Lyre, one of the oldest forms of stringed instrument. It was introduced into Egypt from Palestine during the 18th dynasty, and was common among the Greeks even in the heroic times. Most of the barbarians who invaded the Roman empire were acquainted with the lyre, and must have independently attained the knowledge of it. Its sounds can be no more in number than its strings. Consequently, since the rise of the modern scale, the lyre, whose strings were originally seven in number and subsequently increased to 16, has been unable to cope with the growing exigencies of intricate music.

Entry from Everybody's Cyclopedia, 1912.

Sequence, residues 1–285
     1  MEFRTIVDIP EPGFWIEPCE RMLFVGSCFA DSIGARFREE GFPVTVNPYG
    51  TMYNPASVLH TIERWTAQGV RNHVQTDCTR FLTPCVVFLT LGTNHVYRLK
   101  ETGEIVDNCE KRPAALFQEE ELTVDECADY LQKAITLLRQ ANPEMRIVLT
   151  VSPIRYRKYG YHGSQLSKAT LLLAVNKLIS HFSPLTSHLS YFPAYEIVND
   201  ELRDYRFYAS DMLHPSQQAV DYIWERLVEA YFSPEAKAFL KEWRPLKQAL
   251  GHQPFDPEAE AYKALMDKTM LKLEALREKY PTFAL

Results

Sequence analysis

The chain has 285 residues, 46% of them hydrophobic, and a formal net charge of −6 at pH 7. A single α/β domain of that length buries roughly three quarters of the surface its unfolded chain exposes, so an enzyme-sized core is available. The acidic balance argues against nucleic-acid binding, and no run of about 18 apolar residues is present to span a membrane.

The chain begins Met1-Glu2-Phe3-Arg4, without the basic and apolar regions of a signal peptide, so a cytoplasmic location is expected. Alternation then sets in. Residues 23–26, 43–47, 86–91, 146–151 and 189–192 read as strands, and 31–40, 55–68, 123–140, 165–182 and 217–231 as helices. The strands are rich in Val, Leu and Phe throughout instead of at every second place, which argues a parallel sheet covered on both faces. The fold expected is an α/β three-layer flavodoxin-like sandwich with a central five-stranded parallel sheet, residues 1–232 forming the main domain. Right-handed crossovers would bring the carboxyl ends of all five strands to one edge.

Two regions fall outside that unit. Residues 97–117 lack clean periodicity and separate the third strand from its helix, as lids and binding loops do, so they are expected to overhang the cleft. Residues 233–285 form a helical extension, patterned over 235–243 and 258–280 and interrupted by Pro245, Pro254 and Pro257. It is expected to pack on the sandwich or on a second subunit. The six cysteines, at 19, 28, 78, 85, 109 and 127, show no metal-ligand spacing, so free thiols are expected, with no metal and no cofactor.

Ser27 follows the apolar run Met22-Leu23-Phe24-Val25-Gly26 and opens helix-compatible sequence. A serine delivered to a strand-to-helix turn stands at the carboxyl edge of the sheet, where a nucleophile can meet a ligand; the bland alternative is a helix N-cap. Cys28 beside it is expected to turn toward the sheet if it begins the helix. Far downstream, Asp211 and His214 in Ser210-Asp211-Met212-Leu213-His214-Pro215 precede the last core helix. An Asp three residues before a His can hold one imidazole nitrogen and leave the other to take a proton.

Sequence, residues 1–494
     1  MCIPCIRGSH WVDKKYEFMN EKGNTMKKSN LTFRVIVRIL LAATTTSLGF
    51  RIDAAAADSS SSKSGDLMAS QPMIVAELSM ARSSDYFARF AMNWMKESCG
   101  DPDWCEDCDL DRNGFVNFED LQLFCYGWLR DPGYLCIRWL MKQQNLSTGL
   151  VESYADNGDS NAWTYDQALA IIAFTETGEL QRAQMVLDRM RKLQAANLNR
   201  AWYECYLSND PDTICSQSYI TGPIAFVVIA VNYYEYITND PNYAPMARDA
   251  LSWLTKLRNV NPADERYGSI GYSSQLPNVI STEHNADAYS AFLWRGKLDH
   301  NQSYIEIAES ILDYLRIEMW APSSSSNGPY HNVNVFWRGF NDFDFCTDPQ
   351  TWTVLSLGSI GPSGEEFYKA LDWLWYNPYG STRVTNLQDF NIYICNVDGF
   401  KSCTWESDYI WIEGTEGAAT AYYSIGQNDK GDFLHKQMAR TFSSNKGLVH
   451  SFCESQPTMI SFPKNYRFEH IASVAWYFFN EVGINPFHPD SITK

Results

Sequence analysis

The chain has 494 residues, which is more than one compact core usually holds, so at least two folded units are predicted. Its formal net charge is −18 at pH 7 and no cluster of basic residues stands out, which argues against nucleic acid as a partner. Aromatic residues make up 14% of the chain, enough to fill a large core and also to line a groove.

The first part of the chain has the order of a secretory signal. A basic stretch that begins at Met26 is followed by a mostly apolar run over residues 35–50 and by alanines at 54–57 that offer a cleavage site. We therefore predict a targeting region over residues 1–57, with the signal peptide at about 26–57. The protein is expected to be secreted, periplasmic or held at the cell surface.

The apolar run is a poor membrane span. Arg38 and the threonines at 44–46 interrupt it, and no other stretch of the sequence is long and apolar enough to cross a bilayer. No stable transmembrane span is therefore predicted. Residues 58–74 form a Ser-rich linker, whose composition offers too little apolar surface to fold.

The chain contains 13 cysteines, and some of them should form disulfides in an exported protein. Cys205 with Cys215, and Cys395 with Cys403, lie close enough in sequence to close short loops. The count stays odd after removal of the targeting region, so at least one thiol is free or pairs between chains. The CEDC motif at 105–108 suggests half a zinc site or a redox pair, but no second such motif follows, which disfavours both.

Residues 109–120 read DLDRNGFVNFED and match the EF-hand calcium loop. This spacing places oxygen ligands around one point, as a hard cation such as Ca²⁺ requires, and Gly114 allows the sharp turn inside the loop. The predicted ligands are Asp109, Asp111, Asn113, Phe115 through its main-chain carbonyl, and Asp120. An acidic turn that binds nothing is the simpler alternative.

Lyre (?), n. [OE. lire, OF. lyre, L. lyra, Gr. . Cf. Lyra.]

1. Mus.

A stringed instrument of music; a kind of harp much used by the ancients, as an accompaniment to poetry.

⇒ The lyre was the peculiar instrument of Apollo, the tutelary god of music and poetry. It gave name to the species of verse called lyric, to which it originally furnished an accompaniment

2. Astron.

One of the constellations; Lyra. See Lyra.

Lyre bat Zool., a small bat (Megaderma lyra), inhabiting India and Ceylon. It is remarkable for the enormous size and curious shape of the nose membrane and ears. -- Lyre turtle Zool., the leatherback.


© Webster 1913.

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